Hidden Door festival, Edinburgh, 1 June
Hidden Door has once again transformed an abandoned space in Edinburgh and turned it into a hive of art, music and creativity. We report back from a night at the festival with the likes of Flasher, Aku and the Hot 8 Brass Band on the bill
The organisers of Hidden Door festival don’t like to make things easy for themselves. Putting together any festival is a technical and logistical nightmare. Bars have to be organised, cables have to run across the site and toilets have to work. For that reason, once a promoter gets established on a site, the impetus is to stay put.
Not so for the Hidden Door team. After stints at Leith Theatre, Granton Gasworks, the Old Royal High School, this year their travelling extravaganza is calling the squat and space-age hexagons of the former Scottish Widows building home. Now with tents on the lawn and portaloos in the courtyard, the ex-life insurance building and holy grail for urban explorers is open to punters and playing host to an eclectic array of musical talent.
From art installations in treatment rooms to an entire floor dedicated to mysterious Environments – more on these later – it’s a curious mix of white-collar functionalism and Alice in Wonderland exploration. Wind your way to the sub-basement level and there’s a stage in a loading dock, complete with industrial air conditioning units and a control booth for the parking gates.
This writer’s first stop is Flasher, American indie rockers from Washington DC whose too-cool-for-school attitude and simple instrumentation lend them a lo-fi charm. The sound may be a little patchy in what is basically a parking garage but songs like Still Life and Pressure still retain their charm and their neat harmonies suggest that there's real craft here too.
Back in the main hall you can grab a pint from the Bellfield Brewery bar and check out the self-proclaimed “doom-jazz” trio Aku. If you’re a fan of Shabaka Hutchings’ work with The Comet is Coming or Sons of Kemet you’ll probably like these guys. With his plaid shirt, beard and Evil Empire t-shirt, Sax player Harry Weir is a likeable presence and the group’s energetic, heavy and soulful grooves get the audience dancing. Drummer Graham Costello floats like Buddy Rich and thunders like John Bonham until the dancefloor becomes a stew, while trombone player Liam Shortall lends heavy bassy grooves for Weir to flicker over. They introduce a cover of Dolly Parton’s Jolene as being “not by a good friend of ours”. I think she’d love it.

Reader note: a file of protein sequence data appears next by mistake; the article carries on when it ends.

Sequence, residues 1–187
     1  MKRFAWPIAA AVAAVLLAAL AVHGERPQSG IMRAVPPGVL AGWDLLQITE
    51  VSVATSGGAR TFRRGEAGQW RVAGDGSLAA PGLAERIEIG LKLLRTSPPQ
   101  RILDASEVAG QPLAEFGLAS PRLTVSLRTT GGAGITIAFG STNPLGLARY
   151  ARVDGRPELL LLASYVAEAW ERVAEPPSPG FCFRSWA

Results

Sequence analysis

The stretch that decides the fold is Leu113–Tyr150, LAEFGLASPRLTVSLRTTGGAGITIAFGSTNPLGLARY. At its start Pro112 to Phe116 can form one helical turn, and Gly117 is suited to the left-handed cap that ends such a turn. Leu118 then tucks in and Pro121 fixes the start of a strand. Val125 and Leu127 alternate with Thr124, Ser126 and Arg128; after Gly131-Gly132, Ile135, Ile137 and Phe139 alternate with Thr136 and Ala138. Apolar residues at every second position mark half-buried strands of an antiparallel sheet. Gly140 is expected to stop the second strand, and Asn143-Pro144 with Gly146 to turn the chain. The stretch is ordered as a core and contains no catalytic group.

Dress Rehearsal: The Environment by Chris Scott
At last, it’s time to venture up to The Environments, a sequence of immersive installations combining art, performance and music. In the first room, a triptych of videos outlines the concept of the experience in faux-business jargon, as an eerily lit typist batters away at a keyboard. Siren-like vocals lead you deeper into the depths of the building, through a sinister indoor forest inhabited by black-clad dancers to a balletic performance lit in blue and pink and soundtracked by a combination of electronics and live sax.
In another corner processed strings and percussion are layered with sampled bird song and ghostly soprano while a dancer strikes poses in a garden that bursts from the generic corporate carpets. Turn a corner and you might be in a model solar system or an abandoned biohazard lab.
Whispering “wanderers” lead you from one installation to the next, before bursting into a routine of their own as a guitarist shreds over a processing unit that would make Tom Morello blush.
Spiralling downwards into the basement you find yourself stumbling between sinister archaeological digs and blaring digicore courtesy of electronic performer Exteriors as skulls project across silver industrial piping. A grotesque root network protrudes from the ceiling like the earth is coming to reclaim the office block.
Thoroughly overstimulated I head for the surface, just in time to catch Hot 8 Brass Band. After the terrors of the basement, they’re a bit of a culture shock but the crowd go wild, sweating their way through classics like Papa Was A Rollin’ Stone and Sexual Healing.
The Hidden Door team haven’t made life easy for themselves but everyone in attendance is glad that they’re pushing at the limits of what a city festival can be.